$ lspci -nn | grep VirtualBox 00:02.0 VGA compatible controller [0300]: InnoTek Systemberatung GmbH VirtualBox Graphics Adapter [80ee:beef] 00:04.0 System peripheral [0880]: InnoTek Systemberatung GmbH VirtualBox Guest Service [80ee:cafe]
$ lspci -nn | grep VMware 00:07.7 System peripheral [0880]: VMware Inc Virtual Machine Communication Interface [15ad:0740] (rev 10) 00:0f.0 VGA compatible controller [0300]: VMware Inc Abstract SVGA II Adapter [15ad:0405] 00:11.0 PCI bridge [0604]: VMware Inc PCI bridge [15ad:0790] (rev 02) 00:15.0 PCI bridge [0604]: VMware Inc Device [15ad:07a0] (rev 01) [...cut 31 more instances of pci device 15ad:07a0...] 02:02.0 USB Controller [0c03]: VMware Inc Abstract USB2 EHCI Controller [15ad:0770]

However, this suffers from some of the same problem as the MAC OUI:

  1. It would be a never-ending game of chasing down new or updated virtualization products to keep track of PCI identifiers.
  2. Some virtualization software may allow devices, their names, or their IDs to be user-selectable or user-editable.

This method of virtual environment detection is discouraged.


Similar to PCI devices, looking at the list of installed device drivers depends both on the device services offered by the virtualization software, and possibly also on optional installation steps ("VMWare Tools", or "VirtualBox Guest Additions") that are not guaranteed to have taken place.

$ lsmod | grep vbox vboxvfs 35616 0 vboxvideo 3040 1 drm 193856 2 vboxvideo vboxguest 170956 8 vboxvfs

This method of virtual environment detection is strongly discouraged.

Segmentation Faults with SIDT ("Red Pill") and SGDT ("No Pill")

Almost all of the sample code I found on the web that attempted to demonstrate how to use Red Pill and No Pill actually had one or both of the following problems:

  1. The SIDT and SGDT CPU instructions expect to write some data into a memory location. A large amount of the sample code I found allocated 2 bytes on the stack, typically with char[2]. The problem is that at the very least, when running in i386, both of these CPU instructions require 6 bytes, not 2 bytes. The lower 2 bytes is the table limit, while the upper 4 is the base IDTR or GDTR address.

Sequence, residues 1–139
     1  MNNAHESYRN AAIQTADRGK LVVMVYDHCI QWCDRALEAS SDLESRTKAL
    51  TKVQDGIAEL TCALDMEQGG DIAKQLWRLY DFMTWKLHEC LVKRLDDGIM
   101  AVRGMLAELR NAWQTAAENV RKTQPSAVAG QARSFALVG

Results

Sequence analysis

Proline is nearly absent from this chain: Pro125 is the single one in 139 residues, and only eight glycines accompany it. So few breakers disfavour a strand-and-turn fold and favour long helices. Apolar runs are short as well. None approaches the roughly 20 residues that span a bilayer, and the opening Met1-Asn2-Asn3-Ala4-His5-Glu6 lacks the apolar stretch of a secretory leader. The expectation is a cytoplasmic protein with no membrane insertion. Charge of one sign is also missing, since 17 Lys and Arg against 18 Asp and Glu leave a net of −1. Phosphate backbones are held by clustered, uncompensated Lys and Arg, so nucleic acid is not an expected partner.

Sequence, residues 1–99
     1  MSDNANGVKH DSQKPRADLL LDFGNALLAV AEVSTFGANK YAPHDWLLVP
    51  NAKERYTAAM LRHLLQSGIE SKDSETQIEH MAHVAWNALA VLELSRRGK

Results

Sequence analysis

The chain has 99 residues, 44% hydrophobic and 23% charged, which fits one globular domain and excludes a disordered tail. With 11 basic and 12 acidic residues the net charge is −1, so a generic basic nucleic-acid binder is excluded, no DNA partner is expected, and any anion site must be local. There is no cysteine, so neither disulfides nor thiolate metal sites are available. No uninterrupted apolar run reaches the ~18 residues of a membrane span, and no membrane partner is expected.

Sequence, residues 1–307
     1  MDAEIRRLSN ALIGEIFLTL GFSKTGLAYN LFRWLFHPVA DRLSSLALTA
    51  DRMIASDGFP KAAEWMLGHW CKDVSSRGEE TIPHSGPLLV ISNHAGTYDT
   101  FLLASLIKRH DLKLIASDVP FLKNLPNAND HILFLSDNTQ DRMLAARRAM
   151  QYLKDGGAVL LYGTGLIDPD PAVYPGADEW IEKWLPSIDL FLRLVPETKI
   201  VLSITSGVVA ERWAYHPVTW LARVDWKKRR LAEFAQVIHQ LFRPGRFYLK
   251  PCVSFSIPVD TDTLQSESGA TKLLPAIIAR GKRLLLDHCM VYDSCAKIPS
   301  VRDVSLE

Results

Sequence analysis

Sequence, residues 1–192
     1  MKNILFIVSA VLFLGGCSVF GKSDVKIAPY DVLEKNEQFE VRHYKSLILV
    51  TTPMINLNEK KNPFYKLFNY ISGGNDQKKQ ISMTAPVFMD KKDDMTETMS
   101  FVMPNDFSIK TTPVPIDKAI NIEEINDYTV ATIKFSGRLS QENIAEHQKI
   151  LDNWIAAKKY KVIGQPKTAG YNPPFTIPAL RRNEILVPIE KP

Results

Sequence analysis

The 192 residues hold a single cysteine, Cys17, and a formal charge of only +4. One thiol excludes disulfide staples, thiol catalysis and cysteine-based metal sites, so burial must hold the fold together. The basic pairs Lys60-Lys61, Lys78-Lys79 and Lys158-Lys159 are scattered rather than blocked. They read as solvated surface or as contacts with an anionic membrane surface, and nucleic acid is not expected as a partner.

2. the SIDT and SGDT CPU instructions need 6 bytes in i386 mode, but in my case I'm running in AMD64. Looking up these instructions in AMD's documents [1, 2, pages 299-300] you'll note that in AMD64 you need 10 bytes of memory, not 6 bytes. So at the very least, your code will need some sort of #if statements to detect at compile-time how to allocation or interpret the results of SIDT and SGDT.

Lastly, something else worth mentioning is that some example code of the SLDT detection method incorrectly attempts to handle the output the same way as it is done with SIDT and SGDT, as a 48-bit size+base address structure. Instead, please note that SLDT returns a single 16-bit selector regardless of whether running in i386 or AMD64. For details, see page 303 of the AMD documentation.

Additional documents to which I have not already linked

Last modified: 2014-09-28
Stéphane Charette, stephanecharette@gmail.com